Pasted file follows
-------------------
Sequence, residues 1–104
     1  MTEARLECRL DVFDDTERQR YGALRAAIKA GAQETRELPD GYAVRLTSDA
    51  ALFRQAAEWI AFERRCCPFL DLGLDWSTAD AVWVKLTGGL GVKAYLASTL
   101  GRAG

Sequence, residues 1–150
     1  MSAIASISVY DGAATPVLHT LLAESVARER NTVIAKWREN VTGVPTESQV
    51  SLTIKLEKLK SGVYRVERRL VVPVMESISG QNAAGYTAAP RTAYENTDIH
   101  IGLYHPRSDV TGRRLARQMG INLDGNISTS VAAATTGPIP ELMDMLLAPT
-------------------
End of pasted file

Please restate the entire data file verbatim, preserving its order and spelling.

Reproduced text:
Sequence, residues 1–104
     1  MTEARLECRL DVFDDTERQR YGALRAAIKA GAQETRELPD GYAVRLTSDA
    51  ALFRQAAEWI AFERRCCPFL DLGLDWSTAD AVWVKLTGGL GVKAYLASTL
   101  GRAG

Sequence, residues 1–150
     1  MSAIASISVY DGAATPVLHT LLAESVARER NTVIAKWREN VTGVPTESQV
    51  SLTIKLEKLK SGVYRVERRL VVPVMESISG QNAAGYTAAP RTAYENTDIH
   101  IGLYHPRSDV TGRRLARQMG INLDGNISTS VAAATTGPIP ELMDMLLAPT